These are exciting times for Asian hedge funds. A recent report put together by Hedgeweek on Asian Hedge Funds was full of upbeat statistics compiled by regional based consultants and industry directories. To give a flavour of the progress made by the alternative investment industry in the region, it is estimated that worldwide there are now more than 650 Asia-focused hedge funds with assets under management of close to USD100 billion as at the end of 2005. This represents a five-fold increase in assets under management since 2000 and is to be seen in the context of the alternative investment industry as a whole where assets under management are estimated to be around the USD1.2 trillion mark. The growth is impressive, but in the light of the current relatively weak hedge fund returns in Europe and North America and the fact that Asia is under-represented as a region in terms of allocation of assets engaged in alternative investment strategies (when compared to its 15% share of global capital markets) much more growth is expected.

Presently there are worldwide approximately 8,000 hedge funds for investors to choose from and a wide array of strategies being employed by managers in search of uncorrelated returns. Investors seeking exposure to Asian funds can do so through funds managed both in North America and Europe (where the majority of Asia focused funds are currently managed) and increasingly from funds managed in the region, principally Hong Kong, Sydney and Singapore. Historically, Asian funds have enabled investors to experience geographical diversity, but have generally been rather restricted in terms of the investment strategy being employed, with most being equity long/short funds. However, the migration of managers from North America and Europe to the region coupled with the expansion of the fi nancial institutions which provide liquidity to the funds is driving the implementation of more complex strategies utilising derivative products, leverage and structured products.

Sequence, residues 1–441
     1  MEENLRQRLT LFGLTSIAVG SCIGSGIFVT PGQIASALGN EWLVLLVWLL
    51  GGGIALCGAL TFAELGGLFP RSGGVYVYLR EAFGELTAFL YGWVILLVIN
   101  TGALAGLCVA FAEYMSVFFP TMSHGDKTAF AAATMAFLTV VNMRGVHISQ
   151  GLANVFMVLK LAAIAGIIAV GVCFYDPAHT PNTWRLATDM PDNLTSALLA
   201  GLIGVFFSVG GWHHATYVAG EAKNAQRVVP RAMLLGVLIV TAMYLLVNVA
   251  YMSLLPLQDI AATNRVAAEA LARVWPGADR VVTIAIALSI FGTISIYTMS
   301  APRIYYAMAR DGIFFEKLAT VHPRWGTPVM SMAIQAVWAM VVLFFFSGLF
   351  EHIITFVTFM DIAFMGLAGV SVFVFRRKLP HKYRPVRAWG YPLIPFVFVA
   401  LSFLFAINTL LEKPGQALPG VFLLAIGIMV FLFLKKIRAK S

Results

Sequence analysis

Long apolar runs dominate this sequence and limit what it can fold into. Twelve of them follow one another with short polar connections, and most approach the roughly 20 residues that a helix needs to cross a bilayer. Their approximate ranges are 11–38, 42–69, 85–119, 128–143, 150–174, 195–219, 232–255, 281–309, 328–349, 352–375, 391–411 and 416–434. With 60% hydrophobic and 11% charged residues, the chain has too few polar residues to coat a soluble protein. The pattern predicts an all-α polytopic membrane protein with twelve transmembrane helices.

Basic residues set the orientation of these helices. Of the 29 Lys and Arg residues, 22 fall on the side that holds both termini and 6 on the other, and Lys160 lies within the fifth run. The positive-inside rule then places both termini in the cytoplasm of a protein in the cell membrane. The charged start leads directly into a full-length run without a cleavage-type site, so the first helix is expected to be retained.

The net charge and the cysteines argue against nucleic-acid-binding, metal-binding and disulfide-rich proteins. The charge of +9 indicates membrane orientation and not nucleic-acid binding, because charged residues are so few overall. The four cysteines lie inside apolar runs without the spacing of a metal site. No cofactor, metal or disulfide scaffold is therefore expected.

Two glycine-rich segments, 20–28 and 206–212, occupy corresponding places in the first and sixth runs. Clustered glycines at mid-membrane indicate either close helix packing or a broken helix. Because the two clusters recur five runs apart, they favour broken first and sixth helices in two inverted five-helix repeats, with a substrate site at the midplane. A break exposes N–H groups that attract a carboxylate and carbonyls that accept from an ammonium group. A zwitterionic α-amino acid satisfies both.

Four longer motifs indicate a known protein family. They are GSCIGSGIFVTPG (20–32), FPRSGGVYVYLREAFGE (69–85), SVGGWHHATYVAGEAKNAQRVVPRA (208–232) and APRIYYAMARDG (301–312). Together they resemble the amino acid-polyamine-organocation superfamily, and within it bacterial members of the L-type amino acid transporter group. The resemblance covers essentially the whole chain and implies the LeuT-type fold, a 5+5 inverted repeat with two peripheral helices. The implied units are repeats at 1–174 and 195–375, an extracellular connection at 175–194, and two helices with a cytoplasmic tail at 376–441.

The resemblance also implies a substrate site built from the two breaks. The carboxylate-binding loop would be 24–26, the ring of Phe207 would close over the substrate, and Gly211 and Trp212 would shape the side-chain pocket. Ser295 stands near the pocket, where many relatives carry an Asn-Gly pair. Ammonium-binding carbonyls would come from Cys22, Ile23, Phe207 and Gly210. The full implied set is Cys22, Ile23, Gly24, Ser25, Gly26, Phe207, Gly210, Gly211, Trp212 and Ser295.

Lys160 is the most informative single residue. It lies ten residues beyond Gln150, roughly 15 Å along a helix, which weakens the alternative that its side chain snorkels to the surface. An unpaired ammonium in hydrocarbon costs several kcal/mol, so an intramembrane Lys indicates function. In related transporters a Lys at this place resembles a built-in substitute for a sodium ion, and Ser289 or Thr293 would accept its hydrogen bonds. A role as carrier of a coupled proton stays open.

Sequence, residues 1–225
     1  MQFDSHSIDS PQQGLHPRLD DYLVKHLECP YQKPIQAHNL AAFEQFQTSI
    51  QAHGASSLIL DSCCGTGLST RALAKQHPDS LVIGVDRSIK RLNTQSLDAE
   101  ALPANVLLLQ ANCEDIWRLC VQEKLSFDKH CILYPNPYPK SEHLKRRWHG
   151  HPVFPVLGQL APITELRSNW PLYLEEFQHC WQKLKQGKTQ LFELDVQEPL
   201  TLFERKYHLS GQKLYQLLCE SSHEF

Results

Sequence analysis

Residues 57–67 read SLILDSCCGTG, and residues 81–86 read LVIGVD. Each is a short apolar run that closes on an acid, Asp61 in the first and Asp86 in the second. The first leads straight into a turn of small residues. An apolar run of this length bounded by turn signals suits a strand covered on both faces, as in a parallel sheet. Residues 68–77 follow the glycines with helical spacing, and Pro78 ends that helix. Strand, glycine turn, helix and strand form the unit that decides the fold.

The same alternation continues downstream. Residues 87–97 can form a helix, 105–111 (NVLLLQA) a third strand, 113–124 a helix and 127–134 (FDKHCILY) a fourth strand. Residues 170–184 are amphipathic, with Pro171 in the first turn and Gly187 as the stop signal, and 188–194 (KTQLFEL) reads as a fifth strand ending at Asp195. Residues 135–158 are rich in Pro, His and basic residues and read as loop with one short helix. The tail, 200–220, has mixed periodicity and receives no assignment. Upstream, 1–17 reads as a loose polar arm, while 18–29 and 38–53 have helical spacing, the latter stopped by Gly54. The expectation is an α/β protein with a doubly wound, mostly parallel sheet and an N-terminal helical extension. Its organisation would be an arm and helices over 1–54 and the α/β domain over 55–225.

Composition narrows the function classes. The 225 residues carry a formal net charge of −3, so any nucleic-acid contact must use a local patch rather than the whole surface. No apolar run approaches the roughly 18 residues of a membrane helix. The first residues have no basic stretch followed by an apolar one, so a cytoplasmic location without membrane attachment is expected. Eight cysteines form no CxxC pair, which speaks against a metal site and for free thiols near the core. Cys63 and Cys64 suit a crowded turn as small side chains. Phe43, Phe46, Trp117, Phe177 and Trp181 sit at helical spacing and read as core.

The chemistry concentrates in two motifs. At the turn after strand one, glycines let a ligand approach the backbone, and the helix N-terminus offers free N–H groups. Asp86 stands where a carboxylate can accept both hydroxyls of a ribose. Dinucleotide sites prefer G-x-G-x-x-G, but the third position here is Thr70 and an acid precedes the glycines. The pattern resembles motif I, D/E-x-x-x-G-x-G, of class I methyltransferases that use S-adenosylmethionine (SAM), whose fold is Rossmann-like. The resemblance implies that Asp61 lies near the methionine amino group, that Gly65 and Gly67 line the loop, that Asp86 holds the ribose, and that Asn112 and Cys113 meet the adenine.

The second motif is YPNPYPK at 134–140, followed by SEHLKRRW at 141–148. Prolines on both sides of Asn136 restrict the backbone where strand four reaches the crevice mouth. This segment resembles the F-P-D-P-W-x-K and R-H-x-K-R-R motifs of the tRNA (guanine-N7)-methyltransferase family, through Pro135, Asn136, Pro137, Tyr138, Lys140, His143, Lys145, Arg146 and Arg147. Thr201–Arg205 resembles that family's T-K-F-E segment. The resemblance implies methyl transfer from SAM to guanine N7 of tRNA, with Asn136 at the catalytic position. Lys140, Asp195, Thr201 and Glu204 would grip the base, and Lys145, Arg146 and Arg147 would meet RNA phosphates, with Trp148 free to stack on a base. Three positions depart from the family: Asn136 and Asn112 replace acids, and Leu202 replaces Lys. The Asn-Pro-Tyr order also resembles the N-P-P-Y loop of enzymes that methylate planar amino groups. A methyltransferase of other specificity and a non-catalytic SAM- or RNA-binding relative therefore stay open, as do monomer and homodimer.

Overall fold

The implementation of more diverse strategies has certain structuring consequences. Most of the world’s hedge funds are domiciled in the Cayman Islands and the legal structures available in Cayman have evolved to meet the demands of the alternative investment industry. In addition to setting up funds for domestic investors, the Asia-based law firms work with offshore legal counsel in establishing an offshore fund to be managed alongside or in a master-feeder arrangement with the domestic fund. Master-feeder structures are popular as they provide an efficient way of enabling onshore and offshore investors to participate in the same investment programme as the investment manager who will manage the portfolio at master fund level. In a side-by-side arrangement the offshore fund (whether structured as a company, partnership or unit trust) will mimic the investment strategy and offering terms of the onshore fund. As currently most of the investment into Asian focused funds is coming from outside the region, there is a strong demand for tax efficient investment vehicles through which managers can raise investments in the US and Europe and elsewhere and the Cayman structures provide this. In order to obtain maximum flexibility and to create a diverse offering to investors, it is possible for managers to structure funds with a multi-jurisdictional Asia regional focus employing different strategies within the same legal entity through the use of multi-class funds (often structured as segregated portfolio companies, so as to avoid cross-class risk contamination). In this way specific classes of shares offered to investors may participate only in a specific strategy and/or jurisdiction.